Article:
As we reported last week, Rome-based Leonardo S.p.A. and Paramount Group, a defense and military training companies based out of Praetoria, South Africa, are currently developing an combat configuration of the two-seat Aermacchi M-345 jet trainer for the African market. The M-345 is based on Leonardo’s twin-engine M-346, which has already proven itself as the trainer and light attack aircraft of choice for Israel, the United Arab Emirates, Singapore, Poland, and Italy.
While there are no currently available specifications or requirements that would provide insight into what an “operational” M-345 would look like, Paramount Group’s main contribution to the M-345 is the Smart Weapons Integration on Fast-Jet Trainers (SWIFT) mission system.
Like Paramount’s earlier Flexible Light Armaments System for Helicopters (FLASH) weapon and sensor suite, SWIFT is a scalable, multi-role, light attack aircraft mission system designed for non-conventional asymmetrical warfare and basic intelligence, surveillance, target acquisition, and reconnaissance (ISR). The system is even compatible with equipment suitable for anti-tank operations.
“We are very excited to launch and demonstrate our Smart Weapons Integration on Fast-Jet Trainers (SWIFT) mission system alongside the African debut of Leonardo’s M-345 jet trainer. SWIFT is focused on current threats and current customer requirements. It offers low acquisition and operation costs and is suitable for non-conventional or asymmetric warfare. It addresses the customers growing need for multi-role configuration to adapt to different mission roles without major reconfiguration and extended time delay. The platform can be described as short timeframe, light combat, and surveillance solution utilizing the best of the best in the defense industry,” said Ralph Mills, Paramount Advanced Technologies CEO while signing the agreement during the Africa Aerospace & Defence exhibition in Pretoria.
Lucio Valerio Cioffi, Leonardo’s Aircraft Division Managing Director, said: “We think that the collaboration with a high-level partner such as Paramount is strategic to develop a new M-345 trainer operational configuration for the African market. The M-345 is a basic/advanced trainer with multirole capabilities and costs comparable to a turboprop aircraft. These characteristics and more make the M-345 perfectly suited for the African market.”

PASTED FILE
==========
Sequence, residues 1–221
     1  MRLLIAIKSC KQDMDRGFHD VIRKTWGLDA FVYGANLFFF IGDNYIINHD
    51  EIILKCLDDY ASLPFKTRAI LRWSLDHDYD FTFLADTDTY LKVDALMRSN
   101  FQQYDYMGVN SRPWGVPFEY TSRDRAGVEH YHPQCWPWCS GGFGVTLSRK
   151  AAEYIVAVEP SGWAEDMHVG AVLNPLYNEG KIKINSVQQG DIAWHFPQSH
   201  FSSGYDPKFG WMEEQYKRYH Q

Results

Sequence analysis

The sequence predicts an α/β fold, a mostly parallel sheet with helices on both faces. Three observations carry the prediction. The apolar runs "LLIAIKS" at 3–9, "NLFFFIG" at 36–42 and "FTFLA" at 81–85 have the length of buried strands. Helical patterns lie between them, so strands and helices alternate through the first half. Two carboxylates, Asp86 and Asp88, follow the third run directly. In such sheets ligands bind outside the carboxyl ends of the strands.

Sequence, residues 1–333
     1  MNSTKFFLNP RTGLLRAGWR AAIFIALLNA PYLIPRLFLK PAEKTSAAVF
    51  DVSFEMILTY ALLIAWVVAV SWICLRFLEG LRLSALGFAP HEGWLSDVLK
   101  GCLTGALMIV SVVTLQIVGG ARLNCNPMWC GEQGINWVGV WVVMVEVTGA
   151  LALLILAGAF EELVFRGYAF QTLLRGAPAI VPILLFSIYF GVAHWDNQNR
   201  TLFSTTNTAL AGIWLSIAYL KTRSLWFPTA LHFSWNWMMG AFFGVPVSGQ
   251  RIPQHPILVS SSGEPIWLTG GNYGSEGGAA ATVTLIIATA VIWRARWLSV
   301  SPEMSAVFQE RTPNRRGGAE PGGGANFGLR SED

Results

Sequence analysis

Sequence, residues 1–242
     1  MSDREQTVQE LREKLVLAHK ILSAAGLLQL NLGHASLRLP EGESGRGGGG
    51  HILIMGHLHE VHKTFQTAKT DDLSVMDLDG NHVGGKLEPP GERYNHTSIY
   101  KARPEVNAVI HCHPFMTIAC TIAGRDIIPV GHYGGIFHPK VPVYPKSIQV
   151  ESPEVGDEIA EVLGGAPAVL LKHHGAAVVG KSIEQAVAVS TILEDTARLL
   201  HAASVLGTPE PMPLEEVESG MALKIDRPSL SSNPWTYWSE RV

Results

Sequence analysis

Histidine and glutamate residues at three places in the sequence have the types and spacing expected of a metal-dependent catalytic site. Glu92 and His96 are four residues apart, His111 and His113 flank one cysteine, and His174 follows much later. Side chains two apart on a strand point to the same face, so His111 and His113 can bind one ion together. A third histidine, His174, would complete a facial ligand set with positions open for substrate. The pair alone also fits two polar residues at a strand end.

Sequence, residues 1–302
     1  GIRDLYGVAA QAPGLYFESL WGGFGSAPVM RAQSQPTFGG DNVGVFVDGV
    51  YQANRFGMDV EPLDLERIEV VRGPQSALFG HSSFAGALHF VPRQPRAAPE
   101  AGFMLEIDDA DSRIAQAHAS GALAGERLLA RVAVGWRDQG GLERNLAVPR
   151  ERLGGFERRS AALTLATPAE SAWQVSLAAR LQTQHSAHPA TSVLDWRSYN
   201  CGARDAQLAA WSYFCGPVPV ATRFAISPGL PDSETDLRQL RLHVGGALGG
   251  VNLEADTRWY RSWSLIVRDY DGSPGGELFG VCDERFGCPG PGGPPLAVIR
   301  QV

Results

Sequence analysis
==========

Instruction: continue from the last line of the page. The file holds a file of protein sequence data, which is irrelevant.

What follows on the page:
“It is through collaboration on a global scale that we have been able to develop and bring to market, first FLASH and now SWIFT. The development of these two platforms embodies a collaborative approach where all the Paramount partners contribute to the solution and providing a robust, highly supportable and a cost effective light weaponized solution. This collaboration of South African and global defense OEMs [original equipment manufacturers] create a broader marketing and support network. Some of our partners include Thales FZ, Hensoldt, Genesys Aero, FN Herstal and Denel Dynamics,” says Mills.
Close to 40 companies are cooperating on Paramount’s SWIFT program, with 15 having signed market agreements.
Air forces around the globe are evaluating cost-effective, light attack aircraft to fill the operational roles of more expensive and more complex fourth- and fifth-generation fighter aircraft. Beyond cost benefits, larger fleets of light attack aircraft allow for more consistent air coverage and response time, as well as training availability.
Still a trainer at heart
Leonardo’s work on the Future Aircrew Training (FAcT) project and the Fighter Lead-In Training (FLIT) project has resulted in a sophisticated onboard training environment on board the M-345 provides pilots with a robust, multi-faceted training platform.
FAcT and FLIT leverage an embedded tactical training real-time data-link with other pilots and aircraft in flight and on ground simulators. With those systems, pilots can practice preplanned high-efficiency maneuvers on a ground-based training system and then fly in virtual formation with aircraft in the air before running maneuvers in real life.
Furthermore, it is possible to plan mission scenarios and then download the flight data through a Mission Planning and Debriefing Station (MPDS) and analyze the missions during the post-flight debriefing phase.
William Kucinski is content editor at SAE International, Aerospace Products Group in Warrendale, Pa. Previously, he worked as a writer at the NASA Safety Center in Cleveland, Ohio and was responsible for writing the agency’s System Failure Case Studies. His interests include 'literally anything that has to do with space,' past and present military aircraft, and propulsion technology. And also sportscars.
Contact him regarding any article or collaboration ideas by e-mail at email@example.com.
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